I remember first learning about Patient-Centered medical care during the very early months of my medical school training. We had classes and online study modules that taught us about this method of healthcare that focused on the specific needs and wishes of the patient. I remember thinking to myself, “Well of course that make sense! Why would any health care worker not wish to provide patient-centered care?” Almost every medical student goes into medicine because they want to help people. The idea of patient centered care (PCC) is an intentional technique to assist physicians in helping their patients in the best way possible.
When a healthcare provider is practicing PCC, they begin by listening to the patient. Truly listening. Not just “hearing” the patient speak while the doctor catches up on notes from the last patient. And not just letting the patient get half of a sentence in before their provider interrupts. PCC begins with the physician sitting down with the patient, removing all distractions, making eye contact, and letting them speak. Allowing your patient to speak
will reveal so much more of what is really going on with the patient than any OLDCARTS questions will ever disclose.
In addition, patient-centered care involves building a relationship with the patient and walking alongside them in their care. Rather than the physician alone deciding what is best for the patient and telling the patient what is going to be done, PCC involves the physician and the patient coming to a treatment plan together, based on the values and needs of the individual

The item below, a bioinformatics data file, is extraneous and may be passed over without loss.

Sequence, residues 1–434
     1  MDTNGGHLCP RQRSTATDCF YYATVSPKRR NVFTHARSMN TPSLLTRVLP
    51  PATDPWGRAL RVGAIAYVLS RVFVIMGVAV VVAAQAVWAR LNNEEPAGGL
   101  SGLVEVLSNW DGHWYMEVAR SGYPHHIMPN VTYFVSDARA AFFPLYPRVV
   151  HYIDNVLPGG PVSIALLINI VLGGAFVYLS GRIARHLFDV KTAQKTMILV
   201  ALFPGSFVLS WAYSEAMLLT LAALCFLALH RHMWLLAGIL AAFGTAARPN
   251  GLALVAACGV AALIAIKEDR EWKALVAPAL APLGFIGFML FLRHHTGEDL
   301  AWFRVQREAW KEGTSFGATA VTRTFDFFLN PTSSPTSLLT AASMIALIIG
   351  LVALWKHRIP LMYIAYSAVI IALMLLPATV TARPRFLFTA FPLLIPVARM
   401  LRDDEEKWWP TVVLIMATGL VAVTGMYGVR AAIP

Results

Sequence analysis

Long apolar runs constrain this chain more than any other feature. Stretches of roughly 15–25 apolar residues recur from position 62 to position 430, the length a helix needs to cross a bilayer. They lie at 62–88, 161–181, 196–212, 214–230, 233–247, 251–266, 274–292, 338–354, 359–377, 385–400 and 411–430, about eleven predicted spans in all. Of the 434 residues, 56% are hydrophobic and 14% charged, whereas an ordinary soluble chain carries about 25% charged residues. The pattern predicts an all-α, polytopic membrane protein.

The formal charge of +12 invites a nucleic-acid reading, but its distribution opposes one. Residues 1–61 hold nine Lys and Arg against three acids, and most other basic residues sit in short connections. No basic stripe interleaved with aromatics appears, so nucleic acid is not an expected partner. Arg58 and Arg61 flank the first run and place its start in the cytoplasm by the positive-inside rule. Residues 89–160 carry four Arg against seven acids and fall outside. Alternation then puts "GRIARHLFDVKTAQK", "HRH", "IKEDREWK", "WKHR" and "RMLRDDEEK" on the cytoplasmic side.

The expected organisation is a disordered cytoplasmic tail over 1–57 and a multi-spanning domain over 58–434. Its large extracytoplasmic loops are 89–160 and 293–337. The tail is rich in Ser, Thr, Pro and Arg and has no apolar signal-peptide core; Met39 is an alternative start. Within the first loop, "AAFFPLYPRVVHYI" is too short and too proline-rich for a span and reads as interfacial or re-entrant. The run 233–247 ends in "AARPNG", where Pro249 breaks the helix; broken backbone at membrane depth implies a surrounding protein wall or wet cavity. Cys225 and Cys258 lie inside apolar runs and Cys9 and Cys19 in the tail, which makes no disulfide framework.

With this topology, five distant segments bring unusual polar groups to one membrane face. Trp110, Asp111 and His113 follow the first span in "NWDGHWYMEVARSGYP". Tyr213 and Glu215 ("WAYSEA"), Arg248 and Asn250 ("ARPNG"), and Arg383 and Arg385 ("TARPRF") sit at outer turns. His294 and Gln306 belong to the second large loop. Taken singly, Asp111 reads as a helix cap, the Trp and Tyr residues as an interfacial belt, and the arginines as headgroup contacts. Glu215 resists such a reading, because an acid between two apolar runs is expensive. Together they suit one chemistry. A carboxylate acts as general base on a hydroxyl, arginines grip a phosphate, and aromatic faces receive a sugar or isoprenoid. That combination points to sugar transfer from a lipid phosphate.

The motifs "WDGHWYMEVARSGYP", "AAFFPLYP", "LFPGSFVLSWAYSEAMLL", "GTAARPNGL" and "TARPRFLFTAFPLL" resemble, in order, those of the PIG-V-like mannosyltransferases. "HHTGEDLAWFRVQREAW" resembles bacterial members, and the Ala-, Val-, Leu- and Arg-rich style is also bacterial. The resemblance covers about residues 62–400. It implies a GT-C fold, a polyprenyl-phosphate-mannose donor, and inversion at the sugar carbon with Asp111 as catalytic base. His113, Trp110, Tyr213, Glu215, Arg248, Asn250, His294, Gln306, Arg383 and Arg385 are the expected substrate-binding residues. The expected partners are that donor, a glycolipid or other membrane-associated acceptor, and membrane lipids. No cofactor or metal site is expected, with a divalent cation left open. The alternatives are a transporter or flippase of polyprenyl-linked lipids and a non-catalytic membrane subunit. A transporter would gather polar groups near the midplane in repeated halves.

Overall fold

patient. The team approach is used to help coordinate care among physicians, nurses, pharmacists, physical therapists, occupational therapists, etc. One of the best examples of PCC I have seen during my clinical rotations is the Multi-Disciplinary Cystic Fibrosis clinic at LeBonheur. At this clinic, a patient can come to one office at one appointment time and will be seen by their pulmonologist, a pharmacist, a dietician, a respiratory therapist, and more. This type of clinic puts the patient first by moving 5+ different appointments into one morning or afternoon session.
As a healthcare provider, it can be very difficult at times to prevent oneself from getting caught up in the busyness surrounding them, and thus forgetting the whole reason he or she went into medicine. PCC acts as a reminder to physicians that we are not here to complete another task or write another patient note – we are here to care for people in the way that we would wish others would care for us. PCC reminds us to slow down and listen to our patients, to get to know them and their values and goals and allow that to direct their care. A patient who feels like their doctor truly cares about them is more likely to comply with their treatment plan and return for future visits. A patient who feels like their voice was heard when designing his or her treatment plan with the doctor is much more likely to take an active role in their own care. Patient-centered healthcare reminds us, as healthcare providers, that we are here to put our patients first.